Violence, space and the archive

I’ve been busy transforming ‘Trauma Geographies‘ from a lecture into a long-form essay, and in the process the original discussion of casualty evacuation from France and Belgium in the First World War has morphed into a separate essay on ‘Woundscapes on the Western Front’.

More on both soon, but I’ve become so immersed in the archives again (Imperial War Museum and the Wellcome) that news of this upcoming conference from the ever-enterprising NUI Galway (23-24 May 2019) arrived at just the right moment:

We invite paper submissions from across the disciplinary spectrum for a conference on ‘Violence, Space and the Archives’ to examine the challenges and possibilities presented by archival work that interrogates the imbrications of violence and space. Many research projects concerned with the spatial, contextual, and/or historical specificities of violence involve the assembling of an empirical corpus, however defined, in order to (re)construct moments of struggle and contestation. Archives are often constituted by, and reflect, the concerns of power. The archive is a site of silence as much as a site of statement. Still, archival collections often allow the voices of the dispossessed, the marginal, and those most subject to regimes of power, to speak, albeit often through a narrowed aperture. Along with the strategic concerns of officialdom, the archives may also give voice to alternative political desires and ambitions, revealed through moments of contestation and resistance. As a political technology, archives render the state’s claimed spaces visible and orderable through cataloguing, but may also underline the contingency of dominant configurations of power by revealing sites of refusal. Of course, ’the archive’ is not limited to institutional and official repositories, but also to a shared fidelity to unofficial and counter-hegemonic memories that refuse to be forgotten.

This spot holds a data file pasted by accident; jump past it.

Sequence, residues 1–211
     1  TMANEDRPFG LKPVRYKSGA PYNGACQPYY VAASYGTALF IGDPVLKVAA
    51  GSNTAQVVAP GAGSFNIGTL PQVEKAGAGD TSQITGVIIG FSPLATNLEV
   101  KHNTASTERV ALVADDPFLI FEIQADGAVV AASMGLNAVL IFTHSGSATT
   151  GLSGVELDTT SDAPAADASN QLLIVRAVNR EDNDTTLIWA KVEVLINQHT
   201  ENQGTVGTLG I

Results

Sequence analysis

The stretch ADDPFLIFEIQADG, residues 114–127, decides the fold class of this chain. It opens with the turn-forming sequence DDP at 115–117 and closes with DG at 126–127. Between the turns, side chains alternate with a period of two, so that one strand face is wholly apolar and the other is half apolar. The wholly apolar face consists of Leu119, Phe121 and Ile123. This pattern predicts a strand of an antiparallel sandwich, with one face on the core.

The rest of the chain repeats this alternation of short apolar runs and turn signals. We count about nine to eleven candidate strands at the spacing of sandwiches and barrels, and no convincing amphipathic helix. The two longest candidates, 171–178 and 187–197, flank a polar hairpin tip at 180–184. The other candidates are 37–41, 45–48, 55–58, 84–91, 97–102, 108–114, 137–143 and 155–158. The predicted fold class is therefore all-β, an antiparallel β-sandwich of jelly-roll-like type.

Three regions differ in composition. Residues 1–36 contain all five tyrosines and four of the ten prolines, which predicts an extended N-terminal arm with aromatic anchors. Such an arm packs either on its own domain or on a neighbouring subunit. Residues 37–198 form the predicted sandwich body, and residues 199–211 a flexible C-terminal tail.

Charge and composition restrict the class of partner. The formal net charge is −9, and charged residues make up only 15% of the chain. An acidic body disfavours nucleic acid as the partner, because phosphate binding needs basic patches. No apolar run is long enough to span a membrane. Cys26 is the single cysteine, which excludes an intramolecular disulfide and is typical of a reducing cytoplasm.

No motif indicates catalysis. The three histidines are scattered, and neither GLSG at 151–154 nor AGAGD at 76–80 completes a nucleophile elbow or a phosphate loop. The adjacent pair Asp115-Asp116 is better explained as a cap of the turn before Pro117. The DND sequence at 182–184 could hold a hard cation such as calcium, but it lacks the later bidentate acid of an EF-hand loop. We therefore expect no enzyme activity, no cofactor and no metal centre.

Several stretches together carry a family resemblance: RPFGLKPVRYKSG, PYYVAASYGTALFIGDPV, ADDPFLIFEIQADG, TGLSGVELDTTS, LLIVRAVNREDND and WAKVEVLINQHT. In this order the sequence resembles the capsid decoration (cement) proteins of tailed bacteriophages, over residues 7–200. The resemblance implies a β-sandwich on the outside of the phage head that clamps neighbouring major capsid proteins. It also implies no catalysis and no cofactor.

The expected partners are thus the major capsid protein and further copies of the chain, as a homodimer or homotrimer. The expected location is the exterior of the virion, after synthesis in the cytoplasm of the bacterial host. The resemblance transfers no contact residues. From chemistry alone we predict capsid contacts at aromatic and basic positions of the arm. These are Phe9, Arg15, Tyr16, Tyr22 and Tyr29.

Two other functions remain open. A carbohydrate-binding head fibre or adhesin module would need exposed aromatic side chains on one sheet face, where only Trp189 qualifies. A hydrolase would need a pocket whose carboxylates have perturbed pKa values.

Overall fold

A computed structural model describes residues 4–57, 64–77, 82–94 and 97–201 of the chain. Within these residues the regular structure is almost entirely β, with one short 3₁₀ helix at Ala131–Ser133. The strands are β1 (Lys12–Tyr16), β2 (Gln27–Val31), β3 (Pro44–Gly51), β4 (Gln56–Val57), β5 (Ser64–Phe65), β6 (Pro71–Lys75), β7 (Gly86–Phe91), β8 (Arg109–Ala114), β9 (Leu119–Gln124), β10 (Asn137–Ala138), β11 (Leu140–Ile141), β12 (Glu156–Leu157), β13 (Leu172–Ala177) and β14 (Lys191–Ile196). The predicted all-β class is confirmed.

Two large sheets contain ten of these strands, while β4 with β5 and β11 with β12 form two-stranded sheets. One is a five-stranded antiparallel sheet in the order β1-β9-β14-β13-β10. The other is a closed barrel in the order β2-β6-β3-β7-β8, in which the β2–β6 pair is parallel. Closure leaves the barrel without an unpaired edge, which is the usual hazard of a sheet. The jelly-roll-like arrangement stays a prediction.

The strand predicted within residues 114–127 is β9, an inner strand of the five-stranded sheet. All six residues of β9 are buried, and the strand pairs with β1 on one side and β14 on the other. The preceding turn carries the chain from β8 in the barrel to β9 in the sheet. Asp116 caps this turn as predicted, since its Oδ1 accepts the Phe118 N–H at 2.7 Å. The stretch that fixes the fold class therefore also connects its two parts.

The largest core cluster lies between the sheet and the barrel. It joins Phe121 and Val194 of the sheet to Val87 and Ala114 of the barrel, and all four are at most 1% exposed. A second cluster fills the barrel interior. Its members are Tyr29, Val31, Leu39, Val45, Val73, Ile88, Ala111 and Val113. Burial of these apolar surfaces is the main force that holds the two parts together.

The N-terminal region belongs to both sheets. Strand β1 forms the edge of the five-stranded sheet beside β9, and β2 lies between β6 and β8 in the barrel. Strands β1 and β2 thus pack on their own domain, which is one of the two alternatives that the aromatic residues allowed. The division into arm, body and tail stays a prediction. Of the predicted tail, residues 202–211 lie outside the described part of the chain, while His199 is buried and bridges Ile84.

We invite 20 minute papers that explore some of the following non-exhaustive list of themes: • The silence of the archive • Political desires/spatial imaginaries • Making contested space/ rebel space/ oppositional space visible • Contentious episodes and the archive • Histories/genealogies of thought as archive • Collective memory and resistance • Humanitarian archives and histories of violence • Archiving in times of conflict • Conflict and digital archives

Send abstracts of 250-300 words, along with name and affiliation and a short bio (100 words) to violenceandspace@gmail.com by 21 January 2019.

The conference takes place in NUI Galway and is organised by the Whitaker Institute’s Research Cluster on Conflict, Humanitarianism and Security in association with the Moore Institute, the School of Political Science & Sociology and the Peace and Conflict Specialist Group of the Political Studies Association of Ireland. It builds on the success of the 2018 Conference on Violence, Space, and the Political.

Organisers: Gary Hussey and Niall Ó Dochartaigh, School of Political Science and Sociology, NUI Galway.  More here.

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